What does oyakodon mean in Japanese? ›


A direct translation of oyakodon is parent and child rice bowl. It's a poetic nod to the fact that both chicken and egg are the star ingredients of this classic Japanese donburi recipe. Fun fact: Chicken in Japanese is 鶏肉 (toriniku).

How long does oyakodon last in the fridge? ›

You can keep the leftovers in an airtight container and store in the refrigerator for up to 2–3 days. To store in the freezer, do not add the eggs. You can add eggs after you reheat it in the pan.

What is the best substitute for dashi? ›

The 12 Best Dashi Substitutes For Your Home Kitchen
SubstituteFlavor Profile
Soy SauceSalty, slightly bitter, and umami.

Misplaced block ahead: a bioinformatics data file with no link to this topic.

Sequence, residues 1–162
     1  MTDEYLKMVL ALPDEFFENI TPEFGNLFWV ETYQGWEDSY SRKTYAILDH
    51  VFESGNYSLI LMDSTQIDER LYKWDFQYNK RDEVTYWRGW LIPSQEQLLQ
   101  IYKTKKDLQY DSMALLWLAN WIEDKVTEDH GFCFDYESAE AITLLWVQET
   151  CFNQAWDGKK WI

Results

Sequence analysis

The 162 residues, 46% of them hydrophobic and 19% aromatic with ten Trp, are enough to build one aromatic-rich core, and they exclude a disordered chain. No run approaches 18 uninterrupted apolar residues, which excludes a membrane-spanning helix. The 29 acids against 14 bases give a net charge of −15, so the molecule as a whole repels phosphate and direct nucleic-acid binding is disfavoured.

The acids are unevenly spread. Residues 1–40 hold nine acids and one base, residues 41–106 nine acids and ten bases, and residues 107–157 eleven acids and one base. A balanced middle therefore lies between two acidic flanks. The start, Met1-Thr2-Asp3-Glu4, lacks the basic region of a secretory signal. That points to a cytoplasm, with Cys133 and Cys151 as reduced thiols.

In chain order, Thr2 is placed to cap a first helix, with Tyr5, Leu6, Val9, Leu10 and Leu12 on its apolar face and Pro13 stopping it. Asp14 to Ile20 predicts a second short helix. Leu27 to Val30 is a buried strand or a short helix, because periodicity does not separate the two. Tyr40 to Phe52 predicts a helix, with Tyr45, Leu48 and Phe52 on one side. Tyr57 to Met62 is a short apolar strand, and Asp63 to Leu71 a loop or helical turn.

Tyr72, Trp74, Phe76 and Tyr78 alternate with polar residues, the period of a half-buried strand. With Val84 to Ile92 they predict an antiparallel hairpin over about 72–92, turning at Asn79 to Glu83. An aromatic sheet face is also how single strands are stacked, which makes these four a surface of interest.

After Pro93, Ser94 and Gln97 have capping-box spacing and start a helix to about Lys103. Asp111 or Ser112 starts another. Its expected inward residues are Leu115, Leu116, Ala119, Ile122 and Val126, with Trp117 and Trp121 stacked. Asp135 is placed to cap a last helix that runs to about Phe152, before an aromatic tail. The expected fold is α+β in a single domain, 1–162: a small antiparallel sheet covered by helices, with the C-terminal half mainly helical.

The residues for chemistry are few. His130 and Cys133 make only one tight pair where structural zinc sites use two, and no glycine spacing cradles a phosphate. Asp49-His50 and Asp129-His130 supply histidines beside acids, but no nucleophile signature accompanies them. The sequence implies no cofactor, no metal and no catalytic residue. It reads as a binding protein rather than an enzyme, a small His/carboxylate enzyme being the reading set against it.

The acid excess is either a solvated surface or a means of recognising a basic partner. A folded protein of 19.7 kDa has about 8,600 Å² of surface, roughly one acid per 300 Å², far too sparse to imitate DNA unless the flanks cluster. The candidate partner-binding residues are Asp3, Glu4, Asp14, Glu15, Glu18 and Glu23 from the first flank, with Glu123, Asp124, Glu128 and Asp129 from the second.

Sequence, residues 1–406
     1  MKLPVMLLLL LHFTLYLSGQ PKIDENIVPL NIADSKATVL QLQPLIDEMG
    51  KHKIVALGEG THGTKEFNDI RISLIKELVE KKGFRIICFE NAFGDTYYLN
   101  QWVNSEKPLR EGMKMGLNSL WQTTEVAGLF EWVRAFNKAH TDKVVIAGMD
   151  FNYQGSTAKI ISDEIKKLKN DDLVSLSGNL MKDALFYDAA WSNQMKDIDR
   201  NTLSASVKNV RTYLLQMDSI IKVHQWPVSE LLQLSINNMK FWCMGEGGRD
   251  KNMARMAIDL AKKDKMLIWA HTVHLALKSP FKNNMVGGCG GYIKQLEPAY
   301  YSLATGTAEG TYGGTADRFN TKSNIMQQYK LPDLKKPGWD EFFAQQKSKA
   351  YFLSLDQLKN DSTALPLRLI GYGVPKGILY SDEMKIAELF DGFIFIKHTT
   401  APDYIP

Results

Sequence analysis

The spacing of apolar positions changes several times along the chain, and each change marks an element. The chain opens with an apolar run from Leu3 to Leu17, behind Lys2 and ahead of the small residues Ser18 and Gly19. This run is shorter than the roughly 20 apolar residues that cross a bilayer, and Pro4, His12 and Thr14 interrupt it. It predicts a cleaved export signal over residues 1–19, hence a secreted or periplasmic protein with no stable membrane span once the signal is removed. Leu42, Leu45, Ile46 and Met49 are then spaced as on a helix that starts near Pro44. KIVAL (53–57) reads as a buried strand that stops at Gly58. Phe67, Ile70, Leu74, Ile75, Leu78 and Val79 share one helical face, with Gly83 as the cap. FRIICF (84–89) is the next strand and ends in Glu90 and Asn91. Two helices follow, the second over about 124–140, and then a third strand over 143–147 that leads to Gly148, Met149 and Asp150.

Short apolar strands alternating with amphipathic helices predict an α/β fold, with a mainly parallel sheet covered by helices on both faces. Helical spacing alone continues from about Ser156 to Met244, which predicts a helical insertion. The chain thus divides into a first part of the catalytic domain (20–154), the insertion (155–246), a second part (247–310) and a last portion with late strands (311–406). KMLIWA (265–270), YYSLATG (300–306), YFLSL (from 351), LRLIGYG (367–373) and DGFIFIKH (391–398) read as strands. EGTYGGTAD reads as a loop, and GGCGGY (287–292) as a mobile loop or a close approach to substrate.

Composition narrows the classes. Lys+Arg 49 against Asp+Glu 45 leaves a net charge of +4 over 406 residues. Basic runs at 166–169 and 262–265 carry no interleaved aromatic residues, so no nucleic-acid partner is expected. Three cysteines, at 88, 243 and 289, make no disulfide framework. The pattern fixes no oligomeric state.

Oyster SauceSalty, bitter, sweet, umami, slight shellfish undertone
Instant Dashi PowderUmami, fishy taste, some saltiness.
Chicken BrothSweeter, gently fatty, some umami
8 more rows
Aug 18, 2023

What is Japanese dashi made of? ›

Classic dashi is made using kelp and katsuobushi (dried bonito flakes). A range of stocks of different character can be created from just these two ingredients. The most prized is ichiban (primary) dashi, which is made by soaking or gently heating the finest kombu and briefly adding katsuobushi.

What is the number 1 dish in Japan? ›

There are various kinds of sushi dishes, such as nigirizushi (hand formed sushi), makizushi (rolled sushi) and chirashi (sushi rice topped with raw fish). Sushi is the most famous Japanese dish outside of Japan, and one of the most popular dishes inside Japan, as well.